Economics at your fingertips  

Financialisation and macroeconomic regimes in emerging capitalist economies before and after the Great Recession

Ümit Akçay (), Eckhard Hein and Benjamin Jungmann

No 158/2021, IPE Working Papers from Berlin School of Economics and Law, Institute for International Political Economy (IPE)

Abstract: In recent years, diverging demand and growth regimes have received greater scholarly attention. In particular, the intersection between different variants of Comparative Political Economy and the post-Keynesian macroeconomic analysis provides a promising avenue for understanding the main dynamics of various growth regimes. Yet, the majority of these studies has focused on the global North. In this contribution, we expand this analysis to the global South by examining eight large emerging capitalist economies (ECEs) - Argentina, Brazil, China, India, Mexico, Russia, South Africa, and Turkey - during the periods 2000-2008 and 2009-2019. In so doing, we not only uncover the main demand and growth regimes of ECEs for the two periods, but also link these results to the main trends in the demand and growth regimes of developed capitalist economies (DCEs) for both periods. One of the main findings of our research is that ECEs did not follow the same path as DCEs after the Great Recession. While there was a clear shift in the demand and growth regimes of DCEs towards an export orientation, the main pattern in the ECEs remained the continuation of a trend that had already emerged before the 2007-09 crisis, i.e. domestic demand-led models. Finally, we provide some observations on the puzzle of resilient domestic demand-led models in ECEs.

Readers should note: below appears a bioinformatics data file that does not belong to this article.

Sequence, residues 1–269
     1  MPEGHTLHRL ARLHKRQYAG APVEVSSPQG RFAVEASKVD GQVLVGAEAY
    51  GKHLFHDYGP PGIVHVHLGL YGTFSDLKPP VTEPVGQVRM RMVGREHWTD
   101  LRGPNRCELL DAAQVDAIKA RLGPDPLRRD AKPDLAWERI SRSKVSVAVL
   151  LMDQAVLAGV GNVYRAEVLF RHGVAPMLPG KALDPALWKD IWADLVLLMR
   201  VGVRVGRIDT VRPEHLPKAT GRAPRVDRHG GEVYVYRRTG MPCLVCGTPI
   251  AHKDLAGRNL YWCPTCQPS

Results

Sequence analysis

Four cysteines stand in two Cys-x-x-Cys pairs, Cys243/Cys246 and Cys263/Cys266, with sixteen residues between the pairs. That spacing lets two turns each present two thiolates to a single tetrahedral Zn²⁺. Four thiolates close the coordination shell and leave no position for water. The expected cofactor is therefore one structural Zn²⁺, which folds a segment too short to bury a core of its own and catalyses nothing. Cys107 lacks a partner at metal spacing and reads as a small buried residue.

Keywords: demand and growth regime; financialisation; emerging capitalist countries; post-Keynesian economics; Argentina; Brazil; China; India; Mexico; Russia; South Africa; Turkey (search for similar items in EconPapers)
JEL-codes: E11 E12 E65 F65 (search for similar items in EconPapers)
Date: 2021
New Economics Papers: this item is included in nep-cis, nep-mac, nep-pke and nep-tra
References: View references in EconPapers View complete reference list from CitEc
Citations: View citations in EconPapers (3) Track citations by RSS feed

Downloads: (external link) (application/pdf)

Related works:
This item may be available elsewhere in EconPapers: Search for items with the same title.

Export reference: BibTeX RIS (EndNote, ProCite, RefMan) HTML/Text

Persistent link:

Access Statistics for this paper

More papers in IPE Working Papers from Berlin School of Economics and Law, Institute for International Political Economy (IPE) Contact information at EDIRC.
Bibliographic data for series maintained by ZBW - Leibniz Information Centre for Economics ().

Page updated 2023-01-24
Handle: RePEc:zbw:ipewps:1582021